The Olympic and Paralympic Village is under construction and will be handed over to Paris 2024 starting on 1 March 2024. Besides the goal of providing optimal accommodation for athletes, when the Games are over the Village will become a part of the surrounding city, for people in Seine-Saint-Denis, and mirror the exemplary environmental standards that Paris 2024 intends to meet.
The various consortiums tasked with building the Olympic and Paralympic Village submitted their bids to SOLIDEO (the public organisation responsible for delivering the facilities for the Games) during a call for tenders that started in March 2019. The project selected for the Village reflect the aim to make Paris 2024 a pioneering environmental endeavour while catering for athletes’ requirements during the Games and to local communities’ wants and needs over the long term.
A Village designed with the athletes
It was impossible for Paris 2024 to plan the Olympic and Paralympic Village without asking the people who will be using it – their athletes themselves – for their insight. Athletes from all continents therefore shared their vision of the ideal Village, pooling a wealth of experience and stories. A manifesto was prepared under the supervision of the Paris 2024 Athletes’ Commission, summing up their comments and requirements. It will shape the amenities at this Village designed for as much as by athletes.
Olympic and Paralympic Village facts and figures
The Village stretches across three towns: Saint-Denis, Saint-Ouen-sur-Seine and L’Île-Saint-Denis. It will house 14,500 athletes and their staff during the Olympic Games then 9,000 athletes and their staff during the Paralympic Games. As many as 60,000 meals will be served per day and a medical centre will be open 24/7 for athletes. During the Paralympic Games, a free-of-charge orthotic, prosthetic and wheelchair repair centre will also be open. After the Games, in 2025, the neighbourhood will feature:
- 52 hectares, eq. 70 football pitches
- Benefiting 6,000 residents
- More than 2,800 new housing units (2,000 family homes, 800 residence units)
- 1 student residence
- 1 hotel
- 2 new schools
- 6 hectares of green spaces incl. a public park in the centre of the neighbourhood
- Planted areas for pedestrians and non-motorised vehicles
- 120,000 sqm of offices, other business premises and services, for 6,000 employees
- 3,200 sqm of neighbourhood shops
Paris 2024/SOLIDEO-Plasticine-Dominique Perrault/Ingérop/Une Fabrique de la Ville/VITEC/Agence TER/UrbanEco/Jean-Paul Lamoureux-PHILIPPON KALT/INDDIGO/AEU/INUITS-Artélia/Lavigne et Chéron/Philippon-Kalt/Paris 2024×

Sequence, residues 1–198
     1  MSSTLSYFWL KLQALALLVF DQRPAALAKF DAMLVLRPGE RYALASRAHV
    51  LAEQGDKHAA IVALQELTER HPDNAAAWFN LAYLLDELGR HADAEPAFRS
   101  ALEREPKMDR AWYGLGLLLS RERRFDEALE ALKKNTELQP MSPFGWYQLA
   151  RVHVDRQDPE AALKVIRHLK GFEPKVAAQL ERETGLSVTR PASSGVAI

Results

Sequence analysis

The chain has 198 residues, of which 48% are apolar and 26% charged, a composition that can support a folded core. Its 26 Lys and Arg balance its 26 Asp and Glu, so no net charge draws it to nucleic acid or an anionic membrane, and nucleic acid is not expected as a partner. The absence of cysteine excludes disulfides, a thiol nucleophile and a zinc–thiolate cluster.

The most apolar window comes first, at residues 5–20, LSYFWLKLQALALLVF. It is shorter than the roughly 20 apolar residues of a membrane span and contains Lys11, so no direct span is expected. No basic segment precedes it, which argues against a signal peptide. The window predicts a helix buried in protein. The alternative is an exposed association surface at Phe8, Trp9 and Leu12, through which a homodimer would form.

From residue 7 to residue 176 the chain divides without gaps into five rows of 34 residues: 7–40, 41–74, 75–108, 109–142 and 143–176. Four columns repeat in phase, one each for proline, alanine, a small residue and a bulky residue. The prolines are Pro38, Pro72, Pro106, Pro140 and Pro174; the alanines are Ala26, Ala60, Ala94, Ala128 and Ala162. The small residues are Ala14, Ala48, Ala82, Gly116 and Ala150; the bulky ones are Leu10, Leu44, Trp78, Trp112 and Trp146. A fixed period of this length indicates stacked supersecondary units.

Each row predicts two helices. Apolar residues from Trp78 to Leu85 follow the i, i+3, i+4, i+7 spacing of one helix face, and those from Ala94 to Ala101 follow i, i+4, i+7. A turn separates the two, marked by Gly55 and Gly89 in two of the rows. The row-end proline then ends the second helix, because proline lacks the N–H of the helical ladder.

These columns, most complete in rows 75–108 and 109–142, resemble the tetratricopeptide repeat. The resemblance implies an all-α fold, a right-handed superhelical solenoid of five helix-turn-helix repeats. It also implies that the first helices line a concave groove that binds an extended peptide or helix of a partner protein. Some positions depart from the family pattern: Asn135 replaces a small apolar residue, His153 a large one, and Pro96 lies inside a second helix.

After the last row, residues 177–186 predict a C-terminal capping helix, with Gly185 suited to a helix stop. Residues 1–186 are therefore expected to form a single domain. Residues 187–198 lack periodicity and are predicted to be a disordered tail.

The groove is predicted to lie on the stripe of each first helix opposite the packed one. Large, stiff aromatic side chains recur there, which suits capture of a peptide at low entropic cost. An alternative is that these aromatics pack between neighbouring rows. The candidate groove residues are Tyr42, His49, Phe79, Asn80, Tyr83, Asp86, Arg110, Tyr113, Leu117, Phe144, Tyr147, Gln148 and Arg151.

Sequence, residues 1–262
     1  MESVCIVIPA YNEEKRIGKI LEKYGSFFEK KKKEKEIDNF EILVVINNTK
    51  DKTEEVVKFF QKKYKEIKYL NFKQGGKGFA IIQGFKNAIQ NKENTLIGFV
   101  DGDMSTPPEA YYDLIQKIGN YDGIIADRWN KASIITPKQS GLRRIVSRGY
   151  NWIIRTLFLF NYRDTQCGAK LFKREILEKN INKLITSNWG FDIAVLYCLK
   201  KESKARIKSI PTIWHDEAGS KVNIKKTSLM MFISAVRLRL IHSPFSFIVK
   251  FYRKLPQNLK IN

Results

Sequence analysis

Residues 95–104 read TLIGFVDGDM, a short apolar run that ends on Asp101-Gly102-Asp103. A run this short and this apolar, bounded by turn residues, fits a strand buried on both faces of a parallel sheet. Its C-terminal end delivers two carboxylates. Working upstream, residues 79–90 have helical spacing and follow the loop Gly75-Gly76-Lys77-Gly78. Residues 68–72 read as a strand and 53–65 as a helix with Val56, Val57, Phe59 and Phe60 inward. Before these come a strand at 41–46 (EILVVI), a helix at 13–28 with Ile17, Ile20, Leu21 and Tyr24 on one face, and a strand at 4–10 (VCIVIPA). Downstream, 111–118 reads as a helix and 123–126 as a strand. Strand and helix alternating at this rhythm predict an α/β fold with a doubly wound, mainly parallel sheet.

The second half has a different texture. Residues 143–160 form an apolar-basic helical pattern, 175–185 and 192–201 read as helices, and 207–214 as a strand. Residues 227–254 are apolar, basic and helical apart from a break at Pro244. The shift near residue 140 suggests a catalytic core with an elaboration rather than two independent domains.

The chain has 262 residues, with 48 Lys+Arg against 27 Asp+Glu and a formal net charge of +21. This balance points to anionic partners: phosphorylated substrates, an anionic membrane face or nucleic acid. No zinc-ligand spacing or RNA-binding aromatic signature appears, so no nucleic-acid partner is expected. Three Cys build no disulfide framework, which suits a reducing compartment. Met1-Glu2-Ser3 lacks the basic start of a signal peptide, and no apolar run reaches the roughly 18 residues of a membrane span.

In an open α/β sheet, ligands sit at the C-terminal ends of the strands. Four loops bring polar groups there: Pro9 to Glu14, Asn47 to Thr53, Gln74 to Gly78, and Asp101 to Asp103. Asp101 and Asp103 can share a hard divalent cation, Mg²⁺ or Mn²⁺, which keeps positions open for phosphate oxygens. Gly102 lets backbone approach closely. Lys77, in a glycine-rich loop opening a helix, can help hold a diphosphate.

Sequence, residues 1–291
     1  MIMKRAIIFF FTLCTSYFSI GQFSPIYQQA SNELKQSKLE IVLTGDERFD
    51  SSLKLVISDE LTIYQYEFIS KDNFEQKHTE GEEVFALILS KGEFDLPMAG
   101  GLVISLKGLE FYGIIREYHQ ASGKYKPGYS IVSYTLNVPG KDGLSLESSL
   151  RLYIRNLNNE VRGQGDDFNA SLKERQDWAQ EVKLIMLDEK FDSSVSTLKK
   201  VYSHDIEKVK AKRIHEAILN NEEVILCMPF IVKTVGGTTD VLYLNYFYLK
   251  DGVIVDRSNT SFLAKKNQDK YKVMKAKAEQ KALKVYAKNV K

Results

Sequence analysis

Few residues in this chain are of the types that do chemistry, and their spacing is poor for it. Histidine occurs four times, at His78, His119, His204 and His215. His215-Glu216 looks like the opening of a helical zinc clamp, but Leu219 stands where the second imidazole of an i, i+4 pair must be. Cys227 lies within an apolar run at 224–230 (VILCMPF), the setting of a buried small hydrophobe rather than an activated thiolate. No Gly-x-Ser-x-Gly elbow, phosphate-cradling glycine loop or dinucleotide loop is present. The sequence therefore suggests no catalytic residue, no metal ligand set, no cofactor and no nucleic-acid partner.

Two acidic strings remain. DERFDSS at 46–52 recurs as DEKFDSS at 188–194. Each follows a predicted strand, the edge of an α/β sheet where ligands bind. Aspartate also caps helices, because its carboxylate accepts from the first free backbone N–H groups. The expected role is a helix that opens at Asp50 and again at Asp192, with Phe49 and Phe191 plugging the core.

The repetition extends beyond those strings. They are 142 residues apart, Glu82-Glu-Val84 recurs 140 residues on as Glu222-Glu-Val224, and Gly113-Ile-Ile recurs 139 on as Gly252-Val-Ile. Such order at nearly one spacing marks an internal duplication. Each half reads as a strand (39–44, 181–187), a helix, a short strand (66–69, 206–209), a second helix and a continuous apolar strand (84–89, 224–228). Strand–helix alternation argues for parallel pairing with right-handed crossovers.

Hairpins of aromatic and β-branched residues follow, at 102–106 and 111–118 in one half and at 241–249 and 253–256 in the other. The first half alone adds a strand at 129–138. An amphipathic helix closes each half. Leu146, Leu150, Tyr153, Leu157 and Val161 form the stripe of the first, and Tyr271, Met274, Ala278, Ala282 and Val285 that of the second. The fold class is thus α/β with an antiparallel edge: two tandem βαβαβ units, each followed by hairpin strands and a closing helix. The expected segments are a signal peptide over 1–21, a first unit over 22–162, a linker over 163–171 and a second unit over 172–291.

The city of the future as legacy
Besides the buildings’ modern looks, it was the extent to which bidders’ pledges matched Paris 2024’s aims regarding carbon emissions and financial stewardship that decided which ones were awarded contracts at the end of the tendering process. The Village will meet Paris 2024’s and SOLIDEO’s standards for environmental excellence, in order to build and deliver a 2050-ready neighbourhood in the city:
– It will help to protect and foster biodiversity (with rooftops built to house insects and birds, enclosures with openings for small animals to pass through, etc.). Plant substrates using local resources will be produced; 8,876 trees and bushes will be planted in all the Village’s public areas, providing a wide choice of vegetation to attract a variety of species.
– The carbon-emissions budget will help to achieve the goals in Paris’s Climate Plan and stay on track for carbon neutrality in 2050, for example using wood and other organically-sourced materials. The buildings are designed to be energy-efficient and will consume their own energy, for instance from geothermal and solar systems.
– It will help to adapt the city to the climate in 2050, with features that will accommodate and mitigate the effects of climate change (surfacings, plants and water in public areas, etc.). The urban planning will provide a natural cooling system in the buildings, making the flats comfortable in summer, in particular with architectures that facilitate air flow between buildings.
– A universal accessibility strategy, adopted on 22 March 2019, will enable everyone to enjoy the city: all the Village’s homes will be accessible for persons with reduced mobility.
– A bridge over the Seine, exclusively for soft mobility, will link Île-Saint-Denis and Saint-Denis, enabling mixed use and providing a range of services on a daily basis.
The countdown has started
Construction work kicked off at the beginning of 2021 and will be completed by Q4 2023.
In preparation for the Games, Paris 2024’s role will be to monitor construction in Village configuration, to address the athletes’ requirements. The temporary facilities, required to address the specific requirements associated with a village’s operations during the Games (logistics and operational capabilities, the athletes’ restaurant, etc.) will complete the facilities left behind as legacy.
In November 2024, once the Games are over, the operators will begin a reversibility phase. The circular economy’s principles will be applied through a strategy to reuse materials during deconstruction. They will hand over a new, eco-responsible, functional neighbourhood, which will blend into the city of the future, to the community in 2025.
© Paris 2024/Solideo-Illumens- Dominique Perrault/Ingérop/Une Fabrique de la Ville/VITEC/Agence TER/UrbanEco/Jean-Paul Lamoureux